"We like a lot of the candidates, some more than the others," Adelson said during the interview in Macau, the world's largest gambling hub, ahead of the formal opening of his new St. Regis hotel in the former Portuguese colony,

"It's changing every day. I saw in the news today that Trump said his percentage approval was 41 percent. Out of 14 candidates, 41 percent is unheard of."

Asked what characteristics he would like the Republican party's nominee to embody, Adelson said, "They have got to be able to win."

Trump's brash, off-the-cuff style has not dented his popularity, despite predictions to the contrary. But on Israel, he did find himself in trouble two weeks ago, and he also angered prominent Jewish leaders with his comments on Muslims.

Speaking to the Republican Jewish Coalition in Washington, Trump wavered in answering a question about whether he would consider Jerusalem the undivided capital of Israel, drawing boos from the crowd.

Palestinians want East Jerusalem, captured by Israel in the 1967 Middle East war, for their future state. Israel regards all of Jerusalem as its indivisible capital, a claim not recognized internationally.

A week after Trump spoke to the gathering of Jewish leaders, and in the wake of a shooting by two Muslim radicals in California that killed 14, Trump proposed barring all foreign Muslims from entering the United States. His call drew the immediate ire of some prominent Jewish Republicans.

Trump does, however, have deep ties to the Jewish community. He is the only presidential candidate who lives, makes deals and hobnobs among some of the world's most prominent Jewish power figures on the Upper East Side of Manhattan.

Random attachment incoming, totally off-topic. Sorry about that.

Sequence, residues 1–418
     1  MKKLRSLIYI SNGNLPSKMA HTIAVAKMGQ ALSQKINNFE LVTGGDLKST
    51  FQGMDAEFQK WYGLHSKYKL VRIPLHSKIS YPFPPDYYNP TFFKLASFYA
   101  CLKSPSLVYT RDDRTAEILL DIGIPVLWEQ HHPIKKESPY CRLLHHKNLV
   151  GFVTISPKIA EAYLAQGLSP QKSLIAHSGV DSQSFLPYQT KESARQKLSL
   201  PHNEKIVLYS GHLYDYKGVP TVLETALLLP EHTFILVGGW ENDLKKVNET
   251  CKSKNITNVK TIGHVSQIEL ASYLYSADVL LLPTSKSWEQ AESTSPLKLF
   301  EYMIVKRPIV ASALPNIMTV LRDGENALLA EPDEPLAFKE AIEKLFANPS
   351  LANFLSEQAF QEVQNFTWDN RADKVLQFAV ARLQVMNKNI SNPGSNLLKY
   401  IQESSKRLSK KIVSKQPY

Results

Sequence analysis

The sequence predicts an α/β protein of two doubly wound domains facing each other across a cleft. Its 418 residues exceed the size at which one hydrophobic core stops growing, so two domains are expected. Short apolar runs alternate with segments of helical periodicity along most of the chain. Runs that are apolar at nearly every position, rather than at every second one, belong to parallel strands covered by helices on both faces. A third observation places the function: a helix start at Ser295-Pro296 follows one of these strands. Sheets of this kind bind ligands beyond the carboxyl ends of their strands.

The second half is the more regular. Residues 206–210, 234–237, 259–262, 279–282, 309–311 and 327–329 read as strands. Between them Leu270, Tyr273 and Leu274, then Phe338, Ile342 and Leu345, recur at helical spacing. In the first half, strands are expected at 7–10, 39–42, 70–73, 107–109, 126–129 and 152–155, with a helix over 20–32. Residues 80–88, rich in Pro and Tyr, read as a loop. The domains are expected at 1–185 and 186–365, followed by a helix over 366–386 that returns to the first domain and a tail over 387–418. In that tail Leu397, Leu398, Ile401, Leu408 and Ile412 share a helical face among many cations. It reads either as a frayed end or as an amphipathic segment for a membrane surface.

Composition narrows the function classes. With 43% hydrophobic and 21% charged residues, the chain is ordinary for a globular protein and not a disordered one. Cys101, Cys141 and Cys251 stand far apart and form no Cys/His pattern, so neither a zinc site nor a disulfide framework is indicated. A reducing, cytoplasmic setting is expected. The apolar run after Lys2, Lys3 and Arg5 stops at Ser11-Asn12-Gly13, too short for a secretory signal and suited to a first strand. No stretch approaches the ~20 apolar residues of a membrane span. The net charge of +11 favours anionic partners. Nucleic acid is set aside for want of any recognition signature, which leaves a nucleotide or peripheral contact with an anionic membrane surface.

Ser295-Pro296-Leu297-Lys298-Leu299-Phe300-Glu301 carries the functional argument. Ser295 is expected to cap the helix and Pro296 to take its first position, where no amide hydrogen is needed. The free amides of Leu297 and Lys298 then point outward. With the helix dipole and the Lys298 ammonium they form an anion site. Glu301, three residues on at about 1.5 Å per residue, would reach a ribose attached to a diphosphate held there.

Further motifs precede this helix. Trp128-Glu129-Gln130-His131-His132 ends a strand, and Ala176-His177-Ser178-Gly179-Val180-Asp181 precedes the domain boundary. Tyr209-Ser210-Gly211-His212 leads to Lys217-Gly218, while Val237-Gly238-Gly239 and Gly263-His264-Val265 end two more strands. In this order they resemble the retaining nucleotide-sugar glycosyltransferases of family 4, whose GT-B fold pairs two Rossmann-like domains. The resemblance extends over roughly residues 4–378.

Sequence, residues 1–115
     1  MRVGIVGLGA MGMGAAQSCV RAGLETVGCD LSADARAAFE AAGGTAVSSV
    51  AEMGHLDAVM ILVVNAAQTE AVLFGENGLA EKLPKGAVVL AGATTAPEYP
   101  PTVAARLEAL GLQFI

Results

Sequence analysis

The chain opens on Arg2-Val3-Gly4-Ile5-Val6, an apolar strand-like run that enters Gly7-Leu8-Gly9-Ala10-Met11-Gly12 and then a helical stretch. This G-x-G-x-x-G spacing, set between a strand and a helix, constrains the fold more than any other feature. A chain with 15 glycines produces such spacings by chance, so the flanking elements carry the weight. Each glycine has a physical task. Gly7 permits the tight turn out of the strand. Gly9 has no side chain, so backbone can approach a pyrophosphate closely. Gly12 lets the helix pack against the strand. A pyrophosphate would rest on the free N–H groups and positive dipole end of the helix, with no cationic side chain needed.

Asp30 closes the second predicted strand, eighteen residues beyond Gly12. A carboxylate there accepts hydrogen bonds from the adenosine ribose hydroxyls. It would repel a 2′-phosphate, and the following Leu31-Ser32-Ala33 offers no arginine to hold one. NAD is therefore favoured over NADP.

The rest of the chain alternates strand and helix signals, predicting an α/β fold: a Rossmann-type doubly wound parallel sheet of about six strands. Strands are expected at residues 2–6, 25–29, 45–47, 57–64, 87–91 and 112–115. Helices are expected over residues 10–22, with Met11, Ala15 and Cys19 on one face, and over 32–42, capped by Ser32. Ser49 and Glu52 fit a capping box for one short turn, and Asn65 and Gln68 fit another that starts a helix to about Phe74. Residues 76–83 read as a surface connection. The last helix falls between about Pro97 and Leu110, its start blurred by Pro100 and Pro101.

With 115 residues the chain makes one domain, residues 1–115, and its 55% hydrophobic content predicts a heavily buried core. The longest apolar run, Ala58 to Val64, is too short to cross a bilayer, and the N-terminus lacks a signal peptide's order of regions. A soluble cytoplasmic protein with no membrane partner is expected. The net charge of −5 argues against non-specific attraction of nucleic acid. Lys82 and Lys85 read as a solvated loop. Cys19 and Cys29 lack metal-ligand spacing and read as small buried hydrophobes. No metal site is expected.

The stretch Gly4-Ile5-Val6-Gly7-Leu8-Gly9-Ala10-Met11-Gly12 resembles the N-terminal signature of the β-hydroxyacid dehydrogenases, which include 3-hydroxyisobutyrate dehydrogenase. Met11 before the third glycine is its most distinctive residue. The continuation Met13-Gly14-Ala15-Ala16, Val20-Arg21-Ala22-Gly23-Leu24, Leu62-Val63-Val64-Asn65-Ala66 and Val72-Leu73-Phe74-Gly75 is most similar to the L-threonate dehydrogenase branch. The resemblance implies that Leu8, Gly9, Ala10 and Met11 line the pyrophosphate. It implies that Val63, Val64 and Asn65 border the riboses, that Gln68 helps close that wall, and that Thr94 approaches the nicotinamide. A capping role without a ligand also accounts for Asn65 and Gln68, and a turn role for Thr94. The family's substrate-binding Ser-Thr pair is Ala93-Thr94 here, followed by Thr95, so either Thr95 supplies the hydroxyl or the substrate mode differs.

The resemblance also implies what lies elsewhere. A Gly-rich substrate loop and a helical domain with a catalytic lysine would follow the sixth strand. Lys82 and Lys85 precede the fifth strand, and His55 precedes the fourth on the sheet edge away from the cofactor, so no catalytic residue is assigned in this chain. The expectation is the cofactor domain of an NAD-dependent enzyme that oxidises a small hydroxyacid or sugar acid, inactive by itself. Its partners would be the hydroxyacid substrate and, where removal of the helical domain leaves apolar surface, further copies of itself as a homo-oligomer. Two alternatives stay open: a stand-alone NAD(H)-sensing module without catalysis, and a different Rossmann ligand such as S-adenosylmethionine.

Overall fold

He's also the only Republican candidate with Jewish grandkids: his daughter, Ivanka, became Orthodox after marrying real estate scion Jared Kushner. The family keeps kosher, observes the Sabbath and attends the upscale synagogue Congregation Kehilath Jeshurun.

BUYS LAS VEGAS NEWSPAPER

In Macau, Adelson also made his first public comments confirming his family's acquisition of the Las Vegas Review-Journal newspaper.

The $140 million deal to buy the largest paper in the state of Nevada, an important swing state, had been shrouded in secrecy.

Described by Forbes magazine as the 15th richest man in the United States, Adelson said his family had bought the paper as a financial investment, dismissing speculation the deal was aimed at controlling media in the United States.

"The Review-Journal is already on my side of the political spectrum," Adelson said.

"This newspaper has been making money...we left the (everyday) operation in the hands of the owner from who we bought it."

"We are not going to hire an editor, we left it up to them (current management), period. We may take some of the positive characteristics of our Israeli newspaper and add them to there but that's all just suggestions."

(Additional reporting by Michelle Conlin in New York; Editing by Anne Marie Roantree, Kenneth Maxwell, Howard Goller and Mary Milliken)